That's why we need a flat tax. 10%. no exceptions, no write-offs,no deductions, and no tax havens. No fortune 500's paying no taxes and no well-fare cases paying none. Fair is Fair, and this is coming from someone in the low-income bracket.
Originally Posted by Flying Dutchman
I'm not sure why people think a flat tax is a panacea, or that it's 'fair'. It's not; it's a poison, a fiscal trojan horse. If everyone pays the same percentage, the poor/middle class inherently suffer more, because:
#1: They shoulder _significantly_ more tax burden assuming revenue was to remain the same unless you're perhaps unjustifiably confident that gains from loophole destruction will permit a lower average flat rate to all vis a vis what the lowest brackets currently pay, because we're essentially moving from a progressive code to an averaging of tax burden. Going by the effective federal tax rates on Wikipedia (2007 data), featuring all those nasty loopholes, where the top 20% has an effective burden of 20% vs the 2-16% tax burden of those in the bottom 80%, I find it pretty much impossible that we could charge everyone an effective 10% (the average of the lowest quintiles) without decreasing revenues.
Let's do a preliminary estimate. The current effective federal tax rate for each quintile:
Lowest $18,400 *.02% = 368
Second $42,500 * .091% = 3867.5
Middle $64,500 * .127% = 8191.5
Fourth $94,100 * .157% = 14773.7
Highest $264,700 * .201% = 53204.7
vs our theoretical 10% for everyone:
Lowest $18,400 * .1 = 1840
Second $42,500 * .1 = 4250
Middle $64,500 * .1 = 6450
Fourth $94,100 * .1 = 9410
Highest $264,700 * .1 = 26470
As you can see, not only do we have a _huge_ deficit vis a vis the above progressive number, but the poorest quintiles pay substantially more tax. Say we use the average of all rates in an effort to avoid said deficit, including that of the highest quintile (14.9%):
Lowest $18,400 * .149 = 2741.6
Second $42,500 * .149 = 6332.5
Middle $64,500 * .149 = 9610.5
Fourth $94,100 * .149 = 14020.9
Highest $264,700 * .149 = 39440.3
Still have a $8259.6 per taxpayer deficit vis a vis example 1 as expected given the greater (and now less taxed) incomes of the highest quintiles. Obviously we need to increase our flat tax rate even more; a rate just higher than 16.6% to bridge the gap. The impact on the amount the poor pay is equally apparent. The poorest quintile pay more than 8.3 times as much as they did before under this system. The second? Nearly double. The third? About a third more. By contrast, the wealthiest quintile sees an almost 20% reduction to their effective rate. In otherwords, the quintiles that need the most tax relief are actually _heavily_ penalized under a flat tax plan; no wonder the libertarian rich, and the PACs they fund absolutely love the idea of a flat tax! The poor and middle class get totally hosed while they save!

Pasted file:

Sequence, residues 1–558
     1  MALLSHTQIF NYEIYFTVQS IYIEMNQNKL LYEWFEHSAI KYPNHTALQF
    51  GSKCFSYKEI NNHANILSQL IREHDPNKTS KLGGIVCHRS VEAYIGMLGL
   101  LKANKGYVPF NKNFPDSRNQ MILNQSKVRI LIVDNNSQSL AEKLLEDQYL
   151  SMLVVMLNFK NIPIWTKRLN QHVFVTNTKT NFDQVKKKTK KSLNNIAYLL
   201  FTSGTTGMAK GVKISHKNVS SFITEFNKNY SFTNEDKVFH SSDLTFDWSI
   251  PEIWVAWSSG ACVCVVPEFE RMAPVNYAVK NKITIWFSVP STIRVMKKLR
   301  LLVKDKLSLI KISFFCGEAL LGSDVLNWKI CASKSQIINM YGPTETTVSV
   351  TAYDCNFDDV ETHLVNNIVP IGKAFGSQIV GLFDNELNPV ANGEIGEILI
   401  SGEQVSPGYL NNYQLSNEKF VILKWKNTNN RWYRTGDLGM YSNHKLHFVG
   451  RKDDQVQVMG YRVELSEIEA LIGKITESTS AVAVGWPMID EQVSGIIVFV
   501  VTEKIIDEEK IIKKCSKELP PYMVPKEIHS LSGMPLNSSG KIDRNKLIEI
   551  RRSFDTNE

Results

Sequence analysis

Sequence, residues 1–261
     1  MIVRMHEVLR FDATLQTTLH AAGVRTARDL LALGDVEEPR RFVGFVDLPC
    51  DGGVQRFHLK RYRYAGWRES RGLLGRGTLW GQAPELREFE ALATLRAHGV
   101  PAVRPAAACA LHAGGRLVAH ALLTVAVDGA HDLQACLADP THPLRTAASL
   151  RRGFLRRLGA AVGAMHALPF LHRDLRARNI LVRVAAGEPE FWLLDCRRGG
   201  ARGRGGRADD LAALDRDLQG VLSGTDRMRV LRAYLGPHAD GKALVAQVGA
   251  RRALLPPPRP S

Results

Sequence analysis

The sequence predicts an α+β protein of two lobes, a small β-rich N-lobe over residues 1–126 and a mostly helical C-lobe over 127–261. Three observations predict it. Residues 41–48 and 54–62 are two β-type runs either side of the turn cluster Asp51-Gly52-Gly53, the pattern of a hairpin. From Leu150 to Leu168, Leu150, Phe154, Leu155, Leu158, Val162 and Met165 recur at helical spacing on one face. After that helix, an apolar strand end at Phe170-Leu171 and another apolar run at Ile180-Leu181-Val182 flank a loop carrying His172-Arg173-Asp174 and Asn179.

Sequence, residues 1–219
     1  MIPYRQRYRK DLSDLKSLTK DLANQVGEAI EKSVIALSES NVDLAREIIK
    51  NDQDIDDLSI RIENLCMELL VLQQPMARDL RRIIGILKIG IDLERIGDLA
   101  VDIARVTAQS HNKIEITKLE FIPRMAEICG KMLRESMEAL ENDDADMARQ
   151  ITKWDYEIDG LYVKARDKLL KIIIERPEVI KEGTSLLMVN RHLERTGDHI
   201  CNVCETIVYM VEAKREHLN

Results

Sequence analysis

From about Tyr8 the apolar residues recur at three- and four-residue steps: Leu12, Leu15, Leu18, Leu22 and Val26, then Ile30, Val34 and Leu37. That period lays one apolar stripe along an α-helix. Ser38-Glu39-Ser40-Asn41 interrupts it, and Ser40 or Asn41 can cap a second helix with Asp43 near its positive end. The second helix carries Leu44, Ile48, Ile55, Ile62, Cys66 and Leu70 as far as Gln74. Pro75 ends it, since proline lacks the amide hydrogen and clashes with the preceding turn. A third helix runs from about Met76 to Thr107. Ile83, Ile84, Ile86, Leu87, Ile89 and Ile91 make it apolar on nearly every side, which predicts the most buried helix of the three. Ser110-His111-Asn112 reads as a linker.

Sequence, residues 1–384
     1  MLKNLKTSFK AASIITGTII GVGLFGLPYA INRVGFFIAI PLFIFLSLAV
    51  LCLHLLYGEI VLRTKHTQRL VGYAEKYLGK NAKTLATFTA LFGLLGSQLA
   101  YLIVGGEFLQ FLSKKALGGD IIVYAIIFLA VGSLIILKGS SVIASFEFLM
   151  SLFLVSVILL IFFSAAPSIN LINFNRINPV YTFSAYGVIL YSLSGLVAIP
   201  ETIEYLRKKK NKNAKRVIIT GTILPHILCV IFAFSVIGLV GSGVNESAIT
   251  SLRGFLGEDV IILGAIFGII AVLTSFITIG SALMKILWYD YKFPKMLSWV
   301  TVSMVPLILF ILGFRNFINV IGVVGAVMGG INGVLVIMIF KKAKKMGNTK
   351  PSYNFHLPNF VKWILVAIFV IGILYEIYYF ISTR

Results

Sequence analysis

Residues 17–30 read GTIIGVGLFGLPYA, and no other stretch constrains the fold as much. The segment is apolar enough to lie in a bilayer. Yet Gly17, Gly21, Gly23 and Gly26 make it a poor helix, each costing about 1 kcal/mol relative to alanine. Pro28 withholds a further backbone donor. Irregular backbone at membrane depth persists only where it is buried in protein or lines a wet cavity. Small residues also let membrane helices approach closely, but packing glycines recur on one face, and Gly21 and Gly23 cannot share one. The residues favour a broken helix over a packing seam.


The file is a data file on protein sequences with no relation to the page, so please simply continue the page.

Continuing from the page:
More contemporary information that factors in the impact of state taxation (which is regressive on average) as well:
According to these, America is already pretty close to a state of flat taxation in net.
#2: They pay out much more money as a % of their income for the basic necessities of life (food, shelter, clothing, medicine/health care, and transport), thus suffering a larger adverse material impact to its quality. This compounds the impact of #1. Each % of tax on the lower/middle class is more detrimental to quality of life than on the upper classes for this reason.
#3: They are victimized by wealth consolidation which is absolutely guaranteed by design as above. Progressive taxation with regards to income and estate taxes is pretty much the only hope the present system has of preventing massive and accelerating upward wealth consolidation which is a clear and present danger to democracy and capitalism. Yes there are loopholes which can be exploited; the solution is clearly to fix the loopholes and fortify the tax code, not assure disaster with a flat tax.
In addition to the above problems, you effectively eliminate tax credits/discounts as a policy tool for encouraging socially responsible, and good long term behaviours that are otherwise un or under-rewarded by the marketplace.